Security & Fraud

Trump To Sign Cybersecurity Executive Order

Cybersecurity is a big issue in the U.S., and President Donald Trump is taking steps to increase the government’s role in combating it by signing an executive order Tuesday (Jan. 31) that requires the heads of government agencies to have a more direct part in reviewing risk.

According to Reuters, which cited an official speaking on the condition of anonymity, the executive order gives the budget office in the White House the main role in determining cyber risks for the executive branch and creating plans to improve its information technology systems, which are aging.

Cyberattacks are indeed a big deal in the U.S. According to a survey by Zogby Analytics for Hartford Steam Boiler Inspection and Insurance Company (HSB), more than one-third of U.S. consumers have experienced a computer virus, a hacking event or some other cyberattack during the past 12 months. What’s more, the survey found the most likely victims are young adults between ages 18 and 24.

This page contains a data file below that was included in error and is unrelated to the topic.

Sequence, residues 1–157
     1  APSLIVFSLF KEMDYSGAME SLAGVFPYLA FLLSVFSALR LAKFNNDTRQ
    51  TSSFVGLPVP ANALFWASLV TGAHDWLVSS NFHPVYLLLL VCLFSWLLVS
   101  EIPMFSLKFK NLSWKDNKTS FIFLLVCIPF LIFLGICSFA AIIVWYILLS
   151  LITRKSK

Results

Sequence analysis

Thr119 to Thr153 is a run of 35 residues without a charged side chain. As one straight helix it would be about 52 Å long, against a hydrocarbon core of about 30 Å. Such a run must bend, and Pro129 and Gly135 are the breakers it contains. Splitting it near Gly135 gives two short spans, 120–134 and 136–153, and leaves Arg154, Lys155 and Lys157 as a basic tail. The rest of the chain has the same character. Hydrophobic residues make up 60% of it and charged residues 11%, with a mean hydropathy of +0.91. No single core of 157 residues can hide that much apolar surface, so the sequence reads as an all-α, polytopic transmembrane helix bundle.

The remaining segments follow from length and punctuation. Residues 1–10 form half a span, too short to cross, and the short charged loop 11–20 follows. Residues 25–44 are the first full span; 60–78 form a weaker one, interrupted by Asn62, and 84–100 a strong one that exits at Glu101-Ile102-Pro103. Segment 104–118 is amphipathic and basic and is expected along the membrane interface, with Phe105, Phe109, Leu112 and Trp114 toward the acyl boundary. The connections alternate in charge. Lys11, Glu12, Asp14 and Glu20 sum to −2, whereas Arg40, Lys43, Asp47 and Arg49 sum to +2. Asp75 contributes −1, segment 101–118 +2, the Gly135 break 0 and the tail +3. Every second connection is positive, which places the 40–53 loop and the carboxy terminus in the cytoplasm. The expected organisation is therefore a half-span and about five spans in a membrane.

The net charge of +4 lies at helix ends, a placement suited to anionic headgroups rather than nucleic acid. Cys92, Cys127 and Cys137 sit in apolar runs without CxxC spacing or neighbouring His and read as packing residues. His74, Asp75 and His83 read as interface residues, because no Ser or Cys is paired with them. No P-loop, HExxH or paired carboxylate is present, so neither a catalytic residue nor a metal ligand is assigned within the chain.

The survey, which polled consumers around the country, found victims of the cybercrimes almost always had to spend money to recover from the attack, whether it was money spent to restore data or purchase software. In 23 percent of the cases, the amount spent was between $1,000 and $5,000, while 56 percent of fraud victims spent less than $500. Among the types of cyberattacks, the report found online fraud that led to theft of money or property happened to 18 percent of the survey respondents. Again, young people are the biggest targets, with 26 percent of victims between 18 and 29. That compares to 11 percent who were ages 65 and older. The survey found a cyber extortion threat or demand happened to 11 percent of respondents, with 71 percent of the incidents involving demands for payment to unlock encrypted data. More than half the victims of a cyber extortion, 53 percent, refused to pay. Fifteen percent of them paid four or more times, the survey found.


Latest Insights: 

The Payments 2022 Study: Building A High-Performance Payments Team For Fraud Detection, a PYMNTS collaboration with Stripe, examines how digital platforms of all sectors and sizes plan to develop their anti-fraud teams as part of their their broader growth and development strategies. Drawing from an extensive survey from approximately 250 payments heads at digital platforms in the U.S. and abroad, our study analyzes how poor anti-fraud capabilities can harm platforms’ long-term growth strategies, and how they can build high-performing teams to tackle these challenges.

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